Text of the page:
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Wednesday, 15 January 2014

No consequences?

I was on the plane when I started thinking of the question LesMisGuy asked hoping I'd kiss him: "What would you do if you knew there would be no consequences?"

This time it had very little to do with LesMisGuy and, rather, led to thoughts of what it is I want. You see, about a year ago, when SmTn asked if I'd go to summer school I ruled it out because it would have been selfish and wrong and I couldn't afford it, nor could my parents. But I keep wondering if it wasn't the time to meet him and get something(-something... something) started. It occurred to me that if I could do one stupid thing without worrying about whether or not I could afford it, without worrying about how practical it would be or even about whether or not it had any chances of working out, I would fly out to where he is and just mention I'd be in town for a week or so and ask if he'd like to meet. If I could be selfish and reckless and horrible like that, that's what I'd want. I'd want to get away from the As, I'd want to be close to SmTn, I'd want to leave this university and falsely advertised career out of my mind. It all makes me want to ask out loud to other people: what are the things you want to do that you've given up on? It would seem that a great part of "being a grown up" is giving up on such dreams and ruling them out as impractical nonsense, the same way you rule out being the lead character in any interesting (read: film/telly show/book-worthy) story.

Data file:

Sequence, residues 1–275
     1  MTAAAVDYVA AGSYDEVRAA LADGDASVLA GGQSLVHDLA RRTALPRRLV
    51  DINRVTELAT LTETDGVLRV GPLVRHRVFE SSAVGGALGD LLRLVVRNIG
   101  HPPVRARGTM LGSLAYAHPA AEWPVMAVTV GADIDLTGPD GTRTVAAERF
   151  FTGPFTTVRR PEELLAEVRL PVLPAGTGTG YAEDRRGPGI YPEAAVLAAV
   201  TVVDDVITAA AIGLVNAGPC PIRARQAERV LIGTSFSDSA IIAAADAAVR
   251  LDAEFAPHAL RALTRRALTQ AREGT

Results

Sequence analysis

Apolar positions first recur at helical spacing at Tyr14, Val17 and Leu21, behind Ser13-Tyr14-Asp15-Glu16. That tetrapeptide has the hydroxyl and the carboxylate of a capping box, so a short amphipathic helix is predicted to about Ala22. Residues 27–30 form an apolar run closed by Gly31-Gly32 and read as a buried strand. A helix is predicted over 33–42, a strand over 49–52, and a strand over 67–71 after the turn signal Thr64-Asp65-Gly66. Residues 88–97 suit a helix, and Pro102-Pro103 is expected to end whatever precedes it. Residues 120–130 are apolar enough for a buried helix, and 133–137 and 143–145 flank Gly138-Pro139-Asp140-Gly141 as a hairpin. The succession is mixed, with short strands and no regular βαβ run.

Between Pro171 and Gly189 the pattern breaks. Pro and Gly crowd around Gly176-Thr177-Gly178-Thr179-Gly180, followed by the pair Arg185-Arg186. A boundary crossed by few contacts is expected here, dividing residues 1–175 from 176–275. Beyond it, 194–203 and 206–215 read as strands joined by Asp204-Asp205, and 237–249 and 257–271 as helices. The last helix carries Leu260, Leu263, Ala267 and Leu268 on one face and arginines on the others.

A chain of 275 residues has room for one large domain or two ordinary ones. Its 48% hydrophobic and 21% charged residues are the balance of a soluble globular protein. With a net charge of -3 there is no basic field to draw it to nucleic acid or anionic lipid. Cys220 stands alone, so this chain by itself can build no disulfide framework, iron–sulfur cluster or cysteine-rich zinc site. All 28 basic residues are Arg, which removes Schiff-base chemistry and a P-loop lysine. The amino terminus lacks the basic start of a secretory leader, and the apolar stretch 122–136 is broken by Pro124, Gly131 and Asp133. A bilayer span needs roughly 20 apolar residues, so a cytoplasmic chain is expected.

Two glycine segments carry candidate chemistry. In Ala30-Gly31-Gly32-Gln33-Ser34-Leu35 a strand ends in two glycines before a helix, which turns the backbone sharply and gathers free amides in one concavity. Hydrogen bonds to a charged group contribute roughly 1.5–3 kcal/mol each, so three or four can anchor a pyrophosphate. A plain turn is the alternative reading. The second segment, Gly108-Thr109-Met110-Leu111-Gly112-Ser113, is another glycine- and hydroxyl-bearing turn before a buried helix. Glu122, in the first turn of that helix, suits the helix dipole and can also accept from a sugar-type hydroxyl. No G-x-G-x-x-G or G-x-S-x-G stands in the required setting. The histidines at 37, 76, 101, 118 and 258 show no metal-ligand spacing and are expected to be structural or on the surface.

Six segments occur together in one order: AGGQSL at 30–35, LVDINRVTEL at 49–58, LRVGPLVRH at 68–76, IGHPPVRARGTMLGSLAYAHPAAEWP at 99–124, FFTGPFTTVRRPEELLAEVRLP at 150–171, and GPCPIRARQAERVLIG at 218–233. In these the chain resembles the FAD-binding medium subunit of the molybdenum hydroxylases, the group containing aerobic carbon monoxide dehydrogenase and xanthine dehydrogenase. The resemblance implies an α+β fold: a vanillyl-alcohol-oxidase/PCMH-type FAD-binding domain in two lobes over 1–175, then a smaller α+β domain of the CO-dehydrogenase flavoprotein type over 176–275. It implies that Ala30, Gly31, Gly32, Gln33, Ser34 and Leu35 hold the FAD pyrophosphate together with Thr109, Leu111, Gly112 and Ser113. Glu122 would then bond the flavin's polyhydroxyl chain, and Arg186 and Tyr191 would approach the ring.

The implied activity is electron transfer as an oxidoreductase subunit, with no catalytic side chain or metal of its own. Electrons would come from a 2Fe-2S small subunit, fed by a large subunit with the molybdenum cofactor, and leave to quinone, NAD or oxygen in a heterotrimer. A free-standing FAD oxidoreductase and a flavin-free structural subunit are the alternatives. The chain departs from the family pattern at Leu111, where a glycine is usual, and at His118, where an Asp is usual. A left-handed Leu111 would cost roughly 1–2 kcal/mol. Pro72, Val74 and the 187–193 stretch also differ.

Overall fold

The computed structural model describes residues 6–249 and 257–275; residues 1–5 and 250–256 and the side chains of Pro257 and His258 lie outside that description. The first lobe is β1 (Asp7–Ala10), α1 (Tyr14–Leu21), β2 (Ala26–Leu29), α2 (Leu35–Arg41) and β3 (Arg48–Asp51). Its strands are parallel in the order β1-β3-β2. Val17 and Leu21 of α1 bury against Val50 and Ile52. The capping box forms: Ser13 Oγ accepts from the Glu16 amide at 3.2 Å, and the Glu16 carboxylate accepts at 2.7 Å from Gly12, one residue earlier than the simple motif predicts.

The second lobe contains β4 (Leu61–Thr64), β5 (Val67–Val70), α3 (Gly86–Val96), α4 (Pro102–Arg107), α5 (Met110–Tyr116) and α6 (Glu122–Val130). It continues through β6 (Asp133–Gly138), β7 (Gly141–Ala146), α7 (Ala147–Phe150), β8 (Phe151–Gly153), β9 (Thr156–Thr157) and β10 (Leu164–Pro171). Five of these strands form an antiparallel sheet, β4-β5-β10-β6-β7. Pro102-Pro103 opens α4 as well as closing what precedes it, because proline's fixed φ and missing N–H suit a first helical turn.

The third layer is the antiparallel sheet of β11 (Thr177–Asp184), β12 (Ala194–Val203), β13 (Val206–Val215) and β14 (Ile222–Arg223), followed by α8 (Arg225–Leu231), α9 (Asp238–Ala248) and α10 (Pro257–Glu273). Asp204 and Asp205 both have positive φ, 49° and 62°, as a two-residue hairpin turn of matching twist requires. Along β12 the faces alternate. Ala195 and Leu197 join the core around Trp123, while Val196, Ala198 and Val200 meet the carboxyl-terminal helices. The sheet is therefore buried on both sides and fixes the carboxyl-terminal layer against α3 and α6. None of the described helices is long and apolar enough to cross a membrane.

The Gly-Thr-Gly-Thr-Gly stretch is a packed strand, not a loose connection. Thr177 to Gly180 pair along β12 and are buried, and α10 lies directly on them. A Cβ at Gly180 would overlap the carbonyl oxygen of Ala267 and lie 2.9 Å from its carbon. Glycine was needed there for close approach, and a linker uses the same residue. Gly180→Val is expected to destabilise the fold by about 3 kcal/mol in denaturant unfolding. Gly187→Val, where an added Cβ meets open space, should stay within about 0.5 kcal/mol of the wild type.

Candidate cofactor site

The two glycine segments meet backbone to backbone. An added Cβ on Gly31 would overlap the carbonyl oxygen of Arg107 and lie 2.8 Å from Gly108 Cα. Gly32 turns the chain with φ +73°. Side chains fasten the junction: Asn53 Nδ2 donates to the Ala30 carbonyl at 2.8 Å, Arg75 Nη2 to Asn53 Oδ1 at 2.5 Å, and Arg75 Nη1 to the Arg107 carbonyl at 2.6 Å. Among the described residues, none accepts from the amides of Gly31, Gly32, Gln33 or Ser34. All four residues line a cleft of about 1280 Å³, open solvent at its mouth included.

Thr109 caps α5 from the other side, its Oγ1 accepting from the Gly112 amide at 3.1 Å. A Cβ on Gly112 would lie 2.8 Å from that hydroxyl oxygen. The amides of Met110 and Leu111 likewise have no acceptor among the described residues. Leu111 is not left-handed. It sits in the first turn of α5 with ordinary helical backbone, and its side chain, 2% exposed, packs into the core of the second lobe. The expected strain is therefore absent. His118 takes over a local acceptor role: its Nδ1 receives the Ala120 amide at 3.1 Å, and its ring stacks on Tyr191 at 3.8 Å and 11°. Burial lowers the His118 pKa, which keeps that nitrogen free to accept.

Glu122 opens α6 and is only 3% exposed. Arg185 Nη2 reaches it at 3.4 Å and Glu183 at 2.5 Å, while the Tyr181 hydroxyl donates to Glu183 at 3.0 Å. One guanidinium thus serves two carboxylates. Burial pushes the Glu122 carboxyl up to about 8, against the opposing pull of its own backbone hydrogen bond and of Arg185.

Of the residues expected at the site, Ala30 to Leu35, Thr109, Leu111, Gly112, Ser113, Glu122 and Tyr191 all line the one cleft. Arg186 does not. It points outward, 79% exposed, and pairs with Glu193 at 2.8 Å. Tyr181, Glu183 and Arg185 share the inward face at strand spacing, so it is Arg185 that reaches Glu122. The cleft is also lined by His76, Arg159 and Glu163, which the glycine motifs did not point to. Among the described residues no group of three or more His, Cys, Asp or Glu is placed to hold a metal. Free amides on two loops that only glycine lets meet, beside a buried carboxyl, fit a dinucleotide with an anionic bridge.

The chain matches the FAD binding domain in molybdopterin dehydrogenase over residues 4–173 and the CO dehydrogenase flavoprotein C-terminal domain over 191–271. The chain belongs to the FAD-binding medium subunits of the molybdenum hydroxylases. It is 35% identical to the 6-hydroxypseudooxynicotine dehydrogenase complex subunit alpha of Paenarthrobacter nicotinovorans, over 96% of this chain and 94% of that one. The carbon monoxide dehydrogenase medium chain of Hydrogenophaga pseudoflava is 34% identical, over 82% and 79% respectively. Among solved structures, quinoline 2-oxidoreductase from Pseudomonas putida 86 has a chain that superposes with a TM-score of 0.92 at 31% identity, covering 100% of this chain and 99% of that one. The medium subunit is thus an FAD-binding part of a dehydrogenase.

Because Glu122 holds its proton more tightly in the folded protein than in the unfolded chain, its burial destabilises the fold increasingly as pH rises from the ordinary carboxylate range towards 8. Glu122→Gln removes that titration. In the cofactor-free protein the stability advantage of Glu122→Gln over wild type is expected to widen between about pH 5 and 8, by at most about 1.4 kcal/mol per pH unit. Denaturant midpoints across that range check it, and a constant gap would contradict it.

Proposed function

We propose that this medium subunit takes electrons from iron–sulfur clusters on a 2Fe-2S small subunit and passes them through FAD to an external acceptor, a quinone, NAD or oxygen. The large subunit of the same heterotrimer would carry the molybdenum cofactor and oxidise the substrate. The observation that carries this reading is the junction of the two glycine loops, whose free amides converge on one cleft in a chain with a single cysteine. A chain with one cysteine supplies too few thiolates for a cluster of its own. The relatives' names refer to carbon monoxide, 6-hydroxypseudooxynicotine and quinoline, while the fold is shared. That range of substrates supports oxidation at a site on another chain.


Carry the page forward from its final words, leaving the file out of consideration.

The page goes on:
In the end, I guess, LesMisGuy's question was a very good one. It was the exact same question I asked EBF when he broke down and the one I think everyone should be able to answer in order to get their life on some kind of track to some sort of happy place (the wording, I know). It's a question I'd love to ask SmTn because I think the answer is what I get when I received a drunk text message from him (and a possibly-but-not-necessarily-drunk Christmas greeting). He likes me and has feelings for me and sometimes entertains/ed the idea of being with me. But life is in the way of that because he's got everything set up to be happy and I'm nowhere in that picture of happiness. One could argue silly arguments and wonder how much he can really love his girlfriend if he's got time and feelings to spare for someone else, but the answer is “Less than the girlfriend would like, probably, and more than it would take to leave her.” In the end, this want of mine to see him and be with him no matter what is subdued by not wanting to risk being broke and rejected. If I knew he would take me in, I'd only risk being broke in a foreign country and trying very hard to make ends meet and I (or rather, my hopeless romantic self) daresay I could manage.

There would be, of course, more questions to answer: what would I do with my career? Well, I'm not that passionate about it (I mean this one, the one that is more accurately described as a future job) and between this and whatever maths I can do there (even if it means “as a hobby/as an amateur”) might be better. What would I tell my family? That I'd be happier there than anywhere else. What about the money I owe? I'd struggle for a lot longer to pay it back. What if his family/friends disapproved? I'd cross my fingers and hope I could make him happy enough that they'd get over it. I suppose what I want is the one thing I'm sure would make me happy enough to dismiss all consequences that came from it. Why, then, don't we usually go after it?